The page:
Welding Ships with Lasers

Whether on land, sea, or in the air, welders make transit happen: trains, ships, and airplanes all require precision use of welding equipment. Regardless of the application of your welding work, you want it to be water tight. In the case of modern shipbuilding, though, that maxim is quite literal. All kinds of boats these days are created by means of expert welders, who utilize modern developments in welding equipment to leverage technology to improve our lives. As we like to say, this isn’t your grandmother’s welding machine. And with automation in the industry, welding supplies are often controlled by humans in entirely different ways from when Rosie was famously riveting the ships of World War II.


Assembly line welding setups are standard operating environments in industrial welding shops. For shipbuilding, these lines can run many hundreds of feet long! For the cruise-ship and yacht sectors, European industry leaders Pemamek have created a 300 meter assembly line complete with welding, milling and assembly that makes use of top-of-the-line laser welding equipment including a one-sided welding apparatus. This setup includes robots to automate the addition of T-beams onto the finished panels of steel. No longer hammered out by people, these panels are machined precisely and joined by computer guided laser beams. Sure, some of the romance is lost, but the increased technology sure can make beautiful ships that withstand greater pressure at sea and are nice to look at, too.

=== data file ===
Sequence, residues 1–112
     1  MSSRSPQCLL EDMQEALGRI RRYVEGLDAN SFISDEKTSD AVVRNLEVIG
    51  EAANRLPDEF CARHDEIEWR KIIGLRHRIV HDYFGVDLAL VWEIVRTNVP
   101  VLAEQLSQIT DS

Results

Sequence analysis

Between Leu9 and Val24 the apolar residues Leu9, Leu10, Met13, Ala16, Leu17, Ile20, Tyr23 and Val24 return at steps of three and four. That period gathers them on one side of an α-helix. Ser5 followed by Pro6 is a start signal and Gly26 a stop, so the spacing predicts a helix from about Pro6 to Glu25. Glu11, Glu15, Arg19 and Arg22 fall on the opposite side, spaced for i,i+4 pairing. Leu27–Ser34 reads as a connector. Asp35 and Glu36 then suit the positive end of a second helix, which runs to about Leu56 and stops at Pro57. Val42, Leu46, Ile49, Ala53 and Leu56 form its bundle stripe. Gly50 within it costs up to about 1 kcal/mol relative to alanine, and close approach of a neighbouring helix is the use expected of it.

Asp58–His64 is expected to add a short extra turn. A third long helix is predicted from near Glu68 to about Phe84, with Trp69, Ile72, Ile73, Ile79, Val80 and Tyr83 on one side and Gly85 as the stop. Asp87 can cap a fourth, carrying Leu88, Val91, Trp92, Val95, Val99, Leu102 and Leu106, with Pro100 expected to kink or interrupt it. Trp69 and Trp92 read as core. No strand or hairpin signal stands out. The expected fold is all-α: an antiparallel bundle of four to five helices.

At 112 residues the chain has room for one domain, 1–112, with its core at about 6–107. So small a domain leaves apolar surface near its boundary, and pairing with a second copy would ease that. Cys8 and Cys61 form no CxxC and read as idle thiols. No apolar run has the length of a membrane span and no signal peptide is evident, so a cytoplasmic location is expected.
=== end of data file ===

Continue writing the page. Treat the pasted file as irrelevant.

This kind of hybrid laser arc welding (HLAW for short) combines the focus of magnified light beams with a more traditional type of arc welder. If learning about welding tech like this gets you excited, you can research all kinds of welding methods online, or talk to the experts at Sidney Lee Welding Supply Co at our location closest to you in the Atlanta, GA area, including stores in Hampton, Macon, Douglasville, and Conyers.